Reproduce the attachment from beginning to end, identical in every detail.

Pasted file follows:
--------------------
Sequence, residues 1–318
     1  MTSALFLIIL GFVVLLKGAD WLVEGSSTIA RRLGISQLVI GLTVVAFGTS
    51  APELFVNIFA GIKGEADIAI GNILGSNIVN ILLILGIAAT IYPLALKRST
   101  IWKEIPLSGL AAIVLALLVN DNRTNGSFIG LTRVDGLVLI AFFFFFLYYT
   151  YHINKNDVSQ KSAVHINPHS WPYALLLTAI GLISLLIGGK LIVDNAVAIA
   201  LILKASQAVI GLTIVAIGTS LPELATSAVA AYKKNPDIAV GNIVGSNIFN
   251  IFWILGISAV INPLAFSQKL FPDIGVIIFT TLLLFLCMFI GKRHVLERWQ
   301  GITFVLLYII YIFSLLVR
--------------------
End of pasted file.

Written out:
Sequence, residues 1–318
     1  MTSALFLIIL GFVVLLKGAD WLVEGSSTIA RRLGISQLVI GLTVVAFGTS
    51  APELFVNIFA GIKGEADIAI GNILGSNIVN ILLILGIAAT IYPLALKRST
   101  IWKEIPLSGL AAIVLALLVN DNRTNGSFIG LTRVDGLVLI AFFFFFLYYT
   151  YHINKNDVSQ KSAVHINPHS WPYALLLTAI GLISLLIGGK LIVDNAVAIA
   201  LILKASQAVI GLTIVAIGTS LPELATSAVA AYKKNPDIAV GNIVGSNIFN
   251  IFWILGISAV INPLAFSQKL FPDIGVIIFT TLLLFLCMFI GKRHVLERWQ
   301  GITFVLLYII YIFSLLVR